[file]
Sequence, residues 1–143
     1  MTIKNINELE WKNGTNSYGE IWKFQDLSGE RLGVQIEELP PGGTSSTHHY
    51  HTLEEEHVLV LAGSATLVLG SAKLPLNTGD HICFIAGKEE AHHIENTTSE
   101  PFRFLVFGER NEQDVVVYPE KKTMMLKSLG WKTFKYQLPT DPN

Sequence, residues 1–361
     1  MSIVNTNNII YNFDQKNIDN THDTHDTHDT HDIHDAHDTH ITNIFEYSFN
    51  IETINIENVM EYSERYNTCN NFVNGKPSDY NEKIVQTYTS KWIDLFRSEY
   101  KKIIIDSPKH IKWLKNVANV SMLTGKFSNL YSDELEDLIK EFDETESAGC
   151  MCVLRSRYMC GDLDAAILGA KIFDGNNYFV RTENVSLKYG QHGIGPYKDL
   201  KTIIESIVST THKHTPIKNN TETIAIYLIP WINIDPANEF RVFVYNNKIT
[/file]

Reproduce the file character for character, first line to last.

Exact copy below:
Sequence, residues 1–143
     1  MTIKNINELE WKNGTNSYGE IWKFQDLSGE RLGVQIEELP PGGTSSTHHY
    51  HTLEEEHVLV LAGSATLVLG SAKLPLNTGD HICFIAGKEE AHHIENTTSE
   101  PFRFLVFGER NEQDVVVYPE KKTMMLKSLG WKTFKYQLPT DPN

Sequence, residues 1–361
     1  MSIVNTNNII YNFDQKNIDN THDTHDTHDT HDIHDAHDTH ITNIFEYSFN
    51  IETINIENVM EYSERYNTCN NFVNGKPSDY NEKIVQTYTS KWIDLFRSEY
   101  KKIIIDSPKH IKWLKNVANV SMLTGKFSNL YSDELEDLIK EFDETESAGC
   151  MCVLRSRYMC GDLDAAILGA KIFDGNNYFV RTENVSLKYG QHGIGPYKDL
   201  KTIIESIVST THKHTPIKNN TETIAIYLIP WINIDPANEF RVFVYNNKIT